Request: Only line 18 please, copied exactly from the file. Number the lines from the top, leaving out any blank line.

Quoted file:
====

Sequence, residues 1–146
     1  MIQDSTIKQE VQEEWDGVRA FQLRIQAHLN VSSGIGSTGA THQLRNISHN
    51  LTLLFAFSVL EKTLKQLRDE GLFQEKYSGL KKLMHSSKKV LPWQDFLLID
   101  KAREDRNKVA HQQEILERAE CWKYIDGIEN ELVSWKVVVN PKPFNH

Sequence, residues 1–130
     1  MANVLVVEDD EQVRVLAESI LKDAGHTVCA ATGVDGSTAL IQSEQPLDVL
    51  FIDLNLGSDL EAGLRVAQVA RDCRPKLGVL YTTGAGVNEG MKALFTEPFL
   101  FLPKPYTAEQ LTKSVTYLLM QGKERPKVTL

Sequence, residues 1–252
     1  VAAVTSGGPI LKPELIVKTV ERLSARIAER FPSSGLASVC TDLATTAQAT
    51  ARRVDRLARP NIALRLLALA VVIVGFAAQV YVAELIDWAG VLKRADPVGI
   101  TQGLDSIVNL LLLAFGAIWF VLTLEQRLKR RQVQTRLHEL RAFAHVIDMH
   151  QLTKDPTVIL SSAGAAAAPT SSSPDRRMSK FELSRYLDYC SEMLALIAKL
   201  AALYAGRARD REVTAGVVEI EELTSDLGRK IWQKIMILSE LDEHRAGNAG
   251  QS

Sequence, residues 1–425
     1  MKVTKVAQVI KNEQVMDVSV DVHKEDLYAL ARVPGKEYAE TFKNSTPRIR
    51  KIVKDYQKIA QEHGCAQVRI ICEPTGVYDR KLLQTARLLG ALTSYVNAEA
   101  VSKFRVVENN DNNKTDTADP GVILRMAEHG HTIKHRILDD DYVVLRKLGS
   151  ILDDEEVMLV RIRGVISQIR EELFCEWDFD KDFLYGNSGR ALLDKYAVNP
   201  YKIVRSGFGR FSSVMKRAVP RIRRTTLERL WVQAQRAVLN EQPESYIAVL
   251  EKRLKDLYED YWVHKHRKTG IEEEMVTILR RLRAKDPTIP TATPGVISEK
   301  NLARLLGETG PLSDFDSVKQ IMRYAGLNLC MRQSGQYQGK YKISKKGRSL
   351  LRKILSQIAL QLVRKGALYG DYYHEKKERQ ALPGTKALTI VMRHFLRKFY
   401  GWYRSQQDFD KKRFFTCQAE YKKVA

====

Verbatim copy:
    51  KIVKDYQKIA QEHGCAQVRI ICEPTGVYDR KLLQTARLLG ALTSYVNAEA